In selecting 4 images for submission, the biggest challenge was in selecting between soft versus vibrant colour contrasts and ensuring that the images worked together.  The 4 that I have selected are designed to illustrate the change in colour over time, with a range of different vibrancies in the colour. The first pair have Yellow as a common colour, whilst on the second pair the blue sky is the connection.

 colour harmony through similar colours – Yellow : Green
This image shows foliage just in the process of changing from Green towards Yellow.  I particularly liked the way the branches of leaves overlapped one another producing a degree of pattern based symmetry in the image, accentuated by selection of a diagonal framing.  As this tree had very dense foliage I needed to increase the ISO of exposure to enable a fast enough shutter speed to hand hold the lens at 400mm.
Exposure: Canon EOS 5D2, EF 100-400, 400mm, f/5.6, 1/180s, ISO 400

colour contrast through contrasting colours – Red : Yellow
I found two trees adjacent to one another, one with very large almost canary yellow leaves, the other with delicate finely structured red leaves.  By positioning the camera so that the Red leaves provided the foreground and with the Yellow leaves backlit by direct Sun forming the background, I was able to maximize the contrast in the image.  From the perspective of the assignment I would like to have lightened the Yellow and darkened the red to push the contrast further, however, I find this the most visually satisfying of the 4 images in this theme.
Exposure: Canon EOS 5D2, EF 100-400, 275mm, f/5.6, 1/125s, ISO 400

colour harmony through complementary colours – Orange : Blue
This image moves Autumn on a week or so, with the rust orange colours starting to dominate and forming a dramatic colour combination with the blue of the sky.  From a colour theory perspective there should be more blue in this image, however, I found that around 10-20% Blue worked best, too little and the contrast was gone, too much and the image lost its harmony.  For this picture I used a shorter focal length of 200mm to get more of the leaves into the frame and also to enable a very shallow depth of field with a wide aperture of f/2.8.  This enabled me to provide detail the central branch, but throw the background into a soft blurry Orange and Blue.
Exposure: Canon EOS 5D2, EF 70-200, 200mm, f/2.8, 1/1000s, ISO 100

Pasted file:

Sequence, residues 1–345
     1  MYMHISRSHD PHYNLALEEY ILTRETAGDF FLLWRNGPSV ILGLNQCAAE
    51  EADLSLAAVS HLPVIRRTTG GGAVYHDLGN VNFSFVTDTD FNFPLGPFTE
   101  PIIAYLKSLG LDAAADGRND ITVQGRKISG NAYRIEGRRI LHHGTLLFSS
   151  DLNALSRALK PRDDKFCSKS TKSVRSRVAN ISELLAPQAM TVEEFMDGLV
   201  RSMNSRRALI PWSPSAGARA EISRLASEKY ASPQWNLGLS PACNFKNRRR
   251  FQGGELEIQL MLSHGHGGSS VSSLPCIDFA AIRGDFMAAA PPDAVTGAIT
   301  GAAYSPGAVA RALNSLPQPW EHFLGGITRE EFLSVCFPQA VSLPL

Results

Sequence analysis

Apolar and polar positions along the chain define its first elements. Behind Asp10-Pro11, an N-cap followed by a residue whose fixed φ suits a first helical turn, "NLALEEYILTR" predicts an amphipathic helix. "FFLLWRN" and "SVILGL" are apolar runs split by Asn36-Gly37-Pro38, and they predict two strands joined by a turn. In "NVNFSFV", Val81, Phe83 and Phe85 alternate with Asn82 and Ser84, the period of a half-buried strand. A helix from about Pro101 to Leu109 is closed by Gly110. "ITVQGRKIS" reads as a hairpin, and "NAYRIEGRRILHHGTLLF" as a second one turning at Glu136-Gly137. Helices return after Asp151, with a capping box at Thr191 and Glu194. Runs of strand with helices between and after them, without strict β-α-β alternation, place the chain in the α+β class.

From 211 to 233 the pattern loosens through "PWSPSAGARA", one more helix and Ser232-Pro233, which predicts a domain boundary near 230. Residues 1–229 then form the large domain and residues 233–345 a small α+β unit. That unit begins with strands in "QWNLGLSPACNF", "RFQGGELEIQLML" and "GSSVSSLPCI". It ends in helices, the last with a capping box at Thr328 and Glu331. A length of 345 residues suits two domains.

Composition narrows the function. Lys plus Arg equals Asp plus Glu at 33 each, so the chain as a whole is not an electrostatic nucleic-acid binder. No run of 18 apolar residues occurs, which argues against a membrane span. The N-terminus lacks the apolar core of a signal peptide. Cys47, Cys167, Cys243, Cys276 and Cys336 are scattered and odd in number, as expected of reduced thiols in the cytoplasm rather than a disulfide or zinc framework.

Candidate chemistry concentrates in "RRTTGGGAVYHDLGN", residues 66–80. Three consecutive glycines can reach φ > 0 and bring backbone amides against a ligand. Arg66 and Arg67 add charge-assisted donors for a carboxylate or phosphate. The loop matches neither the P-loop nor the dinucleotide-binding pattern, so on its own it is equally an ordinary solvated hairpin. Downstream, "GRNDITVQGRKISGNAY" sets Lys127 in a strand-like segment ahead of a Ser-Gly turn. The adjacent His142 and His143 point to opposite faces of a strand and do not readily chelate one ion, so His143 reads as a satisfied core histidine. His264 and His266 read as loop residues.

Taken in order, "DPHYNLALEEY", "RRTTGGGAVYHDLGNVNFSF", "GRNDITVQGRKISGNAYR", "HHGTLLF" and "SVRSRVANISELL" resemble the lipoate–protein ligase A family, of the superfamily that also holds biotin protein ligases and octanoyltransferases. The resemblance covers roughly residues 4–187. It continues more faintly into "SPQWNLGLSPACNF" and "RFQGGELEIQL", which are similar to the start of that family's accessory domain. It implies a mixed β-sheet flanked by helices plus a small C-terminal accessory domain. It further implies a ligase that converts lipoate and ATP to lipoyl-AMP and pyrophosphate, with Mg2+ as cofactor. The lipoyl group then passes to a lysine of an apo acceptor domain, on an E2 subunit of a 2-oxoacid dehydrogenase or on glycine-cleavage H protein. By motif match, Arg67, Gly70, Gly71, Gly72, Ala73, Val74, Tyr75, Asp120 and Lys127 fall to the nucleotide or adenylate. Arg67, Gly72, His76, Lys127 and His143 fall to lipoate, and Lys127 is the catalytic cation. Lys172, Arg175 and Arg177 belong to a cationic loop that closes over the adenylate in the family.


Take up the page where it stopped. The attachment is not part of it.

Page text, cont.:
colour accent – Yellow : Blue
My final image within this theme took the longest to create and was the most difficult to complete.  I wanted to evoke the end of Autumn, as a few leaves hang onto a barren tree.  From a composition standpoint I also experimented with many more branches and a scatter of leaves, however, this lost the leaf structure and yielded very uniform uninteresting compositions. My approach to lighting also had to change, I could no longer use the Sun for backlighting Sun as I would get a silhouette and no colour contrast at all.  For this image I waited until the Sun was low and illuminating the leaves obliquely, yielding colour in both the leaves and the background sky.  Sadly there was some wispy cloud and the background does not have the uniform blue that would have further driven the contrast.
Exposure: Canon EOS 5D2, EF 100-400, 400mm, f/5.6, 1/2000s, ISO 400

2. Church

Having shot my first theme outdoors I now headed indoors to illustrate detail within churches.  I explored several churches and ideas.  Initially I was creating broader images, both inside and outside the Church, e.g. contrasting the strong colour of the red tiled roofs against the blue sky, or the gold leaf statuary against painted masonry.  As I continued I progressively focused on the details that make up the church, the mundane rather than the magnificent.  I also decided to apply some of the compositional techniques learned earlier in the course, diagonals, horizontals, pattern, and rhythm. 

The hardest aspect in working on this theme was the sense of intrusion in a sacred place as Munich’s churches are always occupied with people praying or simply finding a quiet place for reflection away from the bedlam of the busy streets.  I was shocked at how loud the shutter mechanism on a modern SLR could be.  I also refrained from using flash or a tripod in these pictures, all are hand held using available light. 

Finally, more than in any other of my quartets these images are designed to be viewed together as a group of 4.

colour contrast through contrasting colours – Red : Blue
This image is a detail from a stained glass window high in Munich’s cathedral. The repetitive pattern and blue-red contrast drive the composition.  I had to use a 300mm telephoto to frame the window tightly enough and ISO 1600 to obtain even a 1/10s shutter speed.  Image stabilization and a very deep breath did the rest.  Stained glass is also quite rare in Munich as much was destroyed by bombing raids and so whilst this is an essential element of a church it is also a very precious thing.
Exposure: Canon EOS 5D2, EF 300 f/4, 300mm, f/4, 1/10s, ISO 1600

colour harmony through complementary colours – Orange : Blue
Every religious organization produces pamphlets to extol their virtues or provide guidance to the congregation; the German Catholic Church is no different.  This one explains the process of marriage.  The diagonal framing and repeated Orange-Blue contrast led me to add this to my series of church details. The shallow depth of field also adds some structure to the image, emphasizing the rings at the centre of the picture.  Individually this is not a strong image, but it is an essential element of the mission of the church and combines well with the other images.